As with the earlier GLO judgments, Cameron did not act to vacate his claims. Cameron’s obstinacy continued and the NPS tired of accommodating it. The Park Service focused its ire on Indian Gardens. The caretakers there did not care well for this green spot on the descent. Tents were ratty. Trash accumulated. They allowed the water source and privies to intermingle and created a typhoid problem. The public presumed the NPS was in charge, sullying its reputation. When the eviction finally happened, agents discovered that Cameron’s workers kept an illegal still, supplying the rim with bootleg whiskey, a fact that undermined Cameron’s reputation during Prohibition.
As a senator, Cameron took his revenge on the Park Service, becoming the agency’s “arch-villain,” according to Robert Shankland, a biographer of NPS Director Stephen Mather. In 1922, Cameron withdrew the appropriations for Grand Canyon National Park. Back and forth this went between the Senate and House for three months, until a compromise ensured reduced, but not eliminated, funding. So egregious was Cameron’s interference at the Grand Canyon that administrative mail concerning Cameron’s mining claims had to be sent to park rangers’ wives: Cameron’s brother-in-law, L. L. Ferrall, served as postmaster at the South Rim and intercepted the mail.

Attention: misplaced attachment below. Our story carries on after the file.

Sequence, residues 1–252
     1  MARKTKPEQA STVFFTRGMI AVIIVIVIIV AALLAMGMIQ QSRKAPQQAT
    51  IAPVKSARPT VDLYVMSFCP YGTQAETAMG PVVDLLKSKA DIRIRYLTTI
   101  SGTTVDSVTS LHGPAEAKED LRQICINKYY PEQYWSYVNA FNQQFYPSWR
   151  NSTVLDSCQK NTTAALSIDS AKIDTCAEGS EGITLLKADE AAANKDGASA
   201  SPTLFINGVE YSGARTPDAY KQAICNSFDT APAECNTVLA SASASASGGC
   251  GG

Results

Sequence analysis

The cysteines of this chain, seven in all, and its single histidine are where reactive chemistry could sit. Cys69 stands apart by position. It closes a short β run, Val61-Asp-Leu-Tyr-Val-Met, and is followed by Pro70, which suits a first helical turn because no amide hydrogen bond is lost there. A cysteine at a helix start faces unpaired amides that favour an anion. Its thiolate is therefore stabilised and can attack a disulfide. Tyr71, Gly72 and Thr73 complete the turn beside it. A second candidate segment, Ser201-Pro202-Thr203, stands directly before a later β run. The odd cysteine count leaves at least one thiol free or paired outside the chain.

Ferrall did not limit his assistance to redirecting mail. Although Cameron had lost or been evicted from many claims, his earlier claiming frenzy meant he still nominally held some. In 1922, the GLO found more than two dozen of his claims to be nonmineral. By ignoring orders and finagling postponements of hearings, Cameron managed to delay proceedings until December 1925, when the local GLO official found for Cameron, saying his claims were legitimate. The official was Ferrall, whose position had been secured because of his brother-in-law’s influence in the capital.